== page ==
What causes heat intolerance? 9 possible conditions

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Heat Intolerance

Most people do not like extreme heat, but if you have heat intolerance, you might find that it is impossible for you to be comfortable in hot weather. Heat intolerance may also be referred to as sensitivity to heat.

When you suffer from heat intolerance, it is often because your body is not regulating body temperature properly. Your body regulates its temperature by maintaining a delicate balance between hot and cold. The hypothalamus is a section of the brain that regulates your body’s temperature. When you get too hot, your hypothalamus sends a signal through your nerves to your skin, telling it to increase sweat production. When sweat evaporates off of your skin, it cools your body down.

What Leads to Heat Intolerance?

There are a number of potential causes for heat intolerance.

Medication

One of the most common causes of sensitivity to heat is medication. Allergy, blood pressure, and decongestant medications are among the most common. Allergy medications can inhibit your body’s ability to cool itself by preventing sweating. Blood pressure medicines and decongestants may cause a decrease in the blood flow to your skin, also inhibiting sweat production. Decongestants can also cause increased muscle activity, which can raise your body’s temperature.

Caffeine

Caffeine is a stimulant that can cause an increased heart rate and body metabolism. This can cause your body temperature to rise, leading to heat intolerance.

Hyperthyroidism

Hyperthyroidism is a condition that occurs when your thyroid gland produces too much of the hormone thyroxine. Thyroxine is important because it affects the regulation of your body’s temperature. Too much of this hormone can cause your body’s metabolism to increase, which leads to a rising body temperature. Hyperthyroidism is most commonly caused by Graves’ disease, an autoimmune disorder that occurs when your immune system makes antibodies against the thyroid gland, stimulating it to overproduce thyroid hormone.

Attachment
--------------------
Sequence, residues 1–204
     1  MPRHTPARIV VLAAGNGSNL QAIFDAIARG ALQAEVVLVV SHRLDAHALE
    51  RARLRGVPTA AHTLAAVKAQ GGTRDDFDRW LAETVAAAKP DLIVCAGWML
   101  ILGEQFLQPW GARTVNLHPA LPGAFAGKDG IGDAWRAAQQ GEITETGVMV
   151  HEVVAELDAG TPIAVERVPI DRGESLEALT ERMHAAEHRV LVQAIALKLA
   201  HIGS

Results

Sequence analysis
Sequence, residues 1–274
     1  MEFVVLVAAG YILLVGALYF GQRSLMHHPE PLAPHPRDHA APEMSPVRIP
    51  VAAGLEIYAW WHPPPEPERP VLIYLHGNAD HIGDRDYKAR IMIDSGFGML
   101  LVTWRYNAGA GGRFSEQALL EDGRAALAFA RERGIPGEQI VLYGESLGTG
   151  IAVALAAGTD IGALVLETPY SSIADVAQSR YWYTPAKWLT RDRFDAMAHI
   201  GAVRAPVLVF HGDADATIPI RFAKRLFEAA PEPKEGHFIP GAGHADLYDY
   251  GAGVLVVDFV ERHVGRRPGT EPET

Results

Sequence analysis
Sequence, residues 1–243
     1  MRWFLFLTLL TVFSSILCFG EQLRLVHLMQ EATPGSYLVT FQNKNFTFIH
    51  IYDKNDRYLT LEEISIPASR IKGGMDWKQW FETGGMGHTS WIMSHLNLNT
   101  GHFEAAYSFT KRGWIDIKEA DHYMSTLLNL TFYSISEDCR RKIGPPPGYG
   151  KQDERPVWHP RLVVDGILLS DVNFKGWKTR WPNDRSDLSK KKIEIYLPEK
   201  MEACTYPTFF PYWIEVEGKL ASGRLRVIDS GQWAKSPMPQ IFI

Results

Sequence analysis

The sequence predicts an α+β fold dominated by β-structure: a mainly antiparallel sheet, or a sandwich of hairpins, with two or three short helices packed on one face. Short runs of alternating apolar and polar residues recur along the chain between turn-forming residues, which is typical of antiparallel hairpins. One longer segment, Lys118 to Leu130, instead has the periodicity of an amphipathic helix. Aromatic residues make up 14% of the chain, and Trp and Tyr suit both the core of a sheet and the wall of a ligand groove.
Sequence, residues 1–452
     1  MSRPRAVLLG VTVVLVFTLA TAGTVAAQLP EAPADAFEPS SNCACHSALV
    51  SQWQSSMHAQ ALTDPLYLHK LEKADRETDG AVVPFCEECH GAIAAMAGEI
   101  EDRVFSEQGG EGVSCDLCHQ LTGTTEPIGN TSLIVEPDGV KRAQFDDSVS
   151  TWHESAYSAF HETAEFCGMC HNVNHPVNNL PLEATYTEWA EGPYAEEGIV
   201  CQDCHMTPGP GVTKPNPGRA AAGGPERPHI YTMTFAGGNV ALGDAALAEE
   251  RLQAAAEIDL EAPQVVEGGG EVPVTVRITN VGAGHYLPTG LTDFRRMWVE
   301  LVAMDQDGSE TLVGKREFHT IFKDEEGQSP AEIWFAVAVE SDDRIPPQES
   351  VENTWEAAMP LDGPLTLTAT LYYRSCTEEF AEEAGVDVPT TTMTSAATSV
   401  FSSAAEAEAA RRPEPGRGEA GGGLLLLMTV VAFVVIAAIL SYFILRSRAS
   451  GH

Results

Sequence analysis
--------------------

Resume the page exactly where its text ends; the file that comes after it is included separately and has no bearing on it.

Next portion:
Multiple Sclerosis (MS)

Multiple sclerosis (MS) is a debilitating disease that affects your central nervous system. The central nervous system is made up of your brain and spinal cord. The disease attacks the protective covering, or myelin, of the nerves of your central nervous system. Your myelin then becomes damaged, causing interruptions in your body’s nerve signals. This condition can possibly lead to heat intolerance.

What Are Some Signs I Should Look Out For?

Being heat intolerant can make you feel as though you are overheating. Heavy sweating is also extremely common in those that suffer from heat intolerance. The symptoms may occur gradually, but once the intolerance develops, it usually lasts for a day or two. Other potential signs of sensitivity to heat include:

  • headache
  • dizziness
  • weakness
  • cramping
  • nausea

Having a temperature between 100.4°F and 104.9°F when you are not otherwise ill can also signal that you are sensitive to heat. Your heartbeat might also be faster than normal.

Potential Complications of Heat Intolerance

If you have MS, heat intolerance can lead to you experiencing problems with your vision. This can range from blurred vision to temporary loss of vision. An increase in body temperature amplifies the distortion of your body’s nerve signals in those with MS. This is referred to as Uhthoff’s phenomenon, after Wilhelm Uhthoff who discovered the connection between heat and vision problems. This worsening of symptoms is only temporary and is usually resolved by cooling off.

Heat intolerance may lead to heat exhaustion under severe circumstances. If you experience signs of heat exhaustion or heat stroke, you may need to seek emergency medical treatment. These symptoms include: